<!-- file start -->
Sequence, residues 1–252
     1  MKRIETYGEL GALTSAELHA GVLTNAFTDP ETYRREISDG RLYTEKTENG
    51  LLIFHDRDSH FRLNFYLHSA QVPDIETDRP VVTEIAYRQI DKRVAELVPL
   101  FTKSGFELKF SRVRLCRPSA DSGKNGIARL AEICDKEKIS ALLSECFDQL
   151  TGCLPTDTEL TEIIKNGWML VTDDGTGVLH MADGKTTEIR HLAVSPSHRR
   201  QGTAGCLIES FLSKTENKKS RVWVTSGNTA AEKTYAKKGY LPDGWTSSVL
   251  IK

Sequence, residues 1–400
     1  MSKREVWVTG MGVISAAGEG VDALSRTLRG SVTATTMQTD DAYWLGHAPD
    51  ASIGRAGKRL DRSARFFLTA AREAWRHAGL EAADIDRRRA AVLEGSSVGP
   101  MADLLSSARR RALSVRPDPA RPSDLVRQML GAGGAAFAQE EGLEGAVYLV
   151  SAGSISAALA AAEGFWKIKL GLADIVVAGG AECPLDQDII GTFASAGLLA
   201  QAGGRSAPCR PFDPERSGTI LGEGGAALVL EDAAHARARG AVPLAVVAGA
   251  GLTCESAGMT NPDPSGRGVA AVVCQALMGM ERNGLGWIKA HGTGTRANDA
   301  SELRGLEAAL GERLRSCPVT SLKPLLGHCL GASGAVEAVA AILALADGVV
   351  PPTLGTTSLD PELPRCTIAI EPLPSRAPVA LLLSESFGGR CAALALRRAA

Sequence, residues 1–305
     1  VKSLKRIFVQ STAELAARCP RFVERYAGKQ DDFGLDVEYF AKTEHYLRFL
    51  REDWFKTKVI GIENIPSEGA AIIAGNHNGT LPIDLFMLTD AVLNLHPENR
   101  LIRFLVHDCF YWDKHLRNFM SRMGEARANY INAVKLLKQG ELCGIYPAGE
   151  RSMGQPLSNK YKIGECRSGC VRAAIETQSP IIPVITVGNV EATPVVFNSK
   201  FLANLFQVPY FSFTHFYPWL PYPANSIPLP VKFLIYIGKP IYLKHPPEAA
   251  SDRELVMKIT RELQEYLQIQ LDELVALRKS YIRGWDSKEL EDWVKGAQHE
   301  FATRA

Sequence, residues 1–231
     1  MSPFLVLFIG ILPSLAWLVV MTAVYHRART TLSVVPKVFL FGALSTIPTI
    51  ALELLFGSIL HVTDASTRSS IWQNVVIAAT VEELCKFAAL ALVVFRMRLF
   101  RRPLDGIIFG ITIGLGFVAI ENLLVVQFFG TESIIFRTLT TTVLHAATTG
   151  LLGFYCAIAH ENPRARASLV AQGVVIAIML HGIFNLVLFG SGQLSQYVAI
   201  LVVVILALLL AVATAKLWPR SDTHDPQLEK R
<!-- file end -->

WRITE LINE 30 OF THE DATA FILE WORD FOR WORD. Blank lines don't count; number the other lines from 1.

   201  LVVVILALLL AVATAKLWPR SDTHDPQLEK R